Psmith, prone to occasional petty theft under the guise of "practical socialism", goes full-blown gentleman thief in his last installment, Leave It to Psmith, wherein he's hired to steal a diamond necklace. He's hindered by the fact that some rather less gentlemanly characters have been put onto the same job...
Dennis Stanton, a Recurring Character in Murder, She Wrote, was a Gentleman Thief in his first appearance, although in later appearances, he used his skills as an insurance investigator. He worked by three rules: he never steals from anyone who can't afford it, he never steals anything with sentimental value, and he makes sure that everything he steals is insured by the company who refused to pay for his late wife to have a lifesaving operation.
Jerry Fagin, an international jewel thief who made a single appearance in Cagney & Lacey solely to challenge Cagney to a duel of wits. His first action is to pull a heist and plant evidence all over the scene that points to the police department itself. When this becomes clear, Cagney immediately says, "Jerry Fagin! Nobody else would do this with such unmitigated . . . style!"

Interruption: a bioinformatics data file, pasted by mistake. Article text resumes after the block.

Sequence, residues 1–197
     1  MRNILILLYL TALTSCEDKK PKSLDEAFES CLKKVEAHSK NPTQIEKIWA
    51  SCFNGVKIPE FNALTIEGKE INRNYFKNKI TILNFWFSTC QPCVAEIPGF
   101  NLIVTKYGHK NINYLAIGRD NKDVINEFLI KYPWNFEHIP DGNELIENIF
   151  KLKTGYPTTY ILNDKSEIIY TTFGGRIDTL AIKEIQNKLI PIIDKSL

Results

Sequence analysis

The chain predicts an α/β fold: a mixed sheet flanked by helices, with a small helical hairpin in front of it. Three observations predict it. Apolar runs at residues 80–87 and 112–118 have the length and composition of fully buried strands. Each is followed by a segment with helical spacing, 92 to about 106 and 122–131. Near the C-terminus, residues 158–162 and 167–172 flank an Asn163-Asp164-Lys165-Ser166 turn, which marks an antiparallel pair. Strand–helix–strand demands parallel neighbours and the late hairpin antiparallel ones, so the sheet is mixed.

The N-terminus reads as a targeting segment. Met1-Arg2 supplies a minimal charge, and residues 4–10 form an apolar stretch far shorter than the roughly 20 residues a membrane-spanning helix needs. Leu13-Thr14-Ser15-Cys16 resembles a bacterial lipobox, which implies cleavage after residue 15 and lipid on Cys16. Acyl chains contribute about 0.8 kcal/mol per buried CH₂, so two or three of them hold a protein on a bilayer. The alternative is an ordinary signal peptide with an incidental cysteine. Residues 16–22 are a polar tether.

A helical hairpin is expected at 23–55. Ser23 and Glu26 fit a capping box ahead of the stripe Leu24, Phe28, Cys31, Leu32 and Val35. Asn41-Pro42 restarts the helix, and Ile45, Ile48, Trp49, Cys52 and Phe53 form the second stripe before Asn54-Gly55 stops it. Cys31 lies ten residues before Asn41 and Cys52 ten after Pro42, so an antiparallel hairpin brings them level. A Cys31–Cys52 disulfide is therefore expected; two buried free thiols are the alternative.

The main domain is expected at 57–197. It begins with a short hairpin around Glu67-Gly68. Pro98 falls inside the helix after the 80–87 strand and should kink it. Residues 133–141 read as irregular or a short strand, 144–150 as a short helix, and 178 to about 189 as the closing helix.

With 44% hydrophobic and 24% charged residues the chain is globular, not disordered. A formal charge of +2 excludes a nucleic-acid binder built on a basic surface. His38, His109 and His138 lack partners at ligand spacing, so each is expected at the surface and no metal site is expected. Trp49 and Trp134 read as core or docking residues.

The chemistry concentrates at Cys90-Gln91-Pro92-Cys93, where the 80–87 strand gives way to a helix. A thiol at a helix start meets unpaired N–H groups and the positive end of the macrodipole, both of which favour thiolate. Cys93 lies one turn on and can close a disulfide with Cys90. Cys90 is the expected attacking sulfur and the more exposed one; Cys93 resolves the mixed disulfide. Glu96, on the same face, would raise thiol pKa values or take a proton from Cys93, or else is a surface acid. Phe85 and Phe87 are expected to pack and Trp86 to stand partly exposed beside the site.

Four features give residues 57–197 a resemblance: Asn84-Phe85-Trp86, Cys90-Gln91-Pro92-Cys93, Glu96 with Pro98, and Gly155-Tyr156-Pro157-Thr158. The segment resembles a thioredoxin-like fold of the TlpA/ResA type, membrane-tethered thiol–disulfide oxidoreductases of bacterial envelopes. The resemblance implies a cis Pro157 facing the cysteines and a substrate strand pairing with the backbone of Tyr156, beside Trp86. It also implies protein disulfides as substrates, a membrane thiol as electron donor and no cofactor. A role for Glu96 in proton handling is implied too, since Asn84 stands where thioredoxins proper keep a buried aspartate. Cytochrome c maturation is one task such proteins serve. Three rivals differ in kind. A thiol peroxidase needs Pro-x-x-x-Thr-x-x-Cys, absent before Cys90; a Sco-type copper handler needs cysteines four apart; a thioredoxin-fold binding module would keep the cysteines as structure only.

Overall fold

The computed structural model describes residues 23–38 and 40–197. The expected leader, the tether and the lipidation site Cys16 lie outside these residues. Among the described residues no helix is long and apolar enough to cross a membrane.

The Cat from the Funky Squad episode "Diamond's Are a Cat's Best Friend".
Remington Steele was this kind of character before taking over his role as a private investigator.
Hustle likes to play with this one. It's Albert's favourite character, despite him being a former cobbler. Mickey tends to be suave and debonair, as well. The others, not so much...
It Takes a Thief was about a second generation Gentleman Thief who was caught and given the choice of prison or helping the government. He chose helping the government. Inspired by, though not based upon, the 1955 Cary Grant motion picture To Catch a Thief (see above). Notable for starring Robert Wagner as the thief and Fred Astaire!!! as his father, who says at the start of every third season episode, "I've heard of stealing from the government, but stealing for the government?".